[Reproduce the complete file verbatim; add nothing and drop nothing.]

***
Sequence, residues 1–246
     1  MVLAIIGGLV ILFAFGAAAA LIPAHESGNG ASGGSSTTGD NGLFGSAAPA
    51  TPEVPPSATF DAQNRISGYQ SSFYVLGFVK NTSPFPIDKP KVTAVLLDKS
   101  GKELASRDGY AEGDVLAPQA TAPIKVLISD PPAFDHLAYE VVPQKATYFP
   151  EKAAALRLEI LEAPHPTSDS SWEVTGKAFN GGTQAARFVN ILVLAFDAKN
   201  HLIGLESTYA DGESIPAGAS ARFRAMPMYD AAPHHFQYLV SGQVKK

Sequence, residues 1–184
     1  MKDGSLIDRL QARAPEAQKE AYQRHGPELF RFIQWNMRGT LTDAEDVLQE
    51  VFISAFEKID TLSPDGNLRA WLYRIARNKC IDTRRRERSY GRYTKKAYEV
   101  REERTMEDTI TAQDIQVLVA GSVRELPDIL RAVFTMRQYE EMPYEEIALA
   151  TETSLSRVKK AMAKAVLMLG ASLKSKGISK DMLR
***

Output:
Sequence, residues 1–246
     1  MVLAIIGGLV ILFAFGAAAA LIPAHESGNG ASGGSSTTGD NGLFGSAAPA
    51  TPEVPPSATF DAQNRISGYQ SSFYVLGFVK NTSPFPIDKP KVTAVLLDKS
   101  GKELASRDGY AEGDVLAPQA TAPIKVLISD PPAFDHLAYE VVPQKATYFP
   151  EKAAALRLEI LEAPHPTSDS SWEVTGKAFN GGTQAARFVN ILVLAFDAKN
   201  HLIGLESTYA DGESIPAGAS ARFRAMPMYD AAPHHFQYLV SGQVKK

Sequence, residues 1–184
     1  MKDGSLIDRL QARAPEAQKE AYQRHGPELF RFIQWNMRGT LTDAEDVLQE
    51  VFISAFEKID TLSPDGNLRA WLYRIARNKC IDTRRRERSY GRYTKKAYEV
   101  REERTMEDTI TAQDIQVLVA GSVRELPDIL RAVFTMRQYE EMPYEEIALA
   151  TETSLSRVKK AMAKAVLMLG ASLKSKGISK DMLR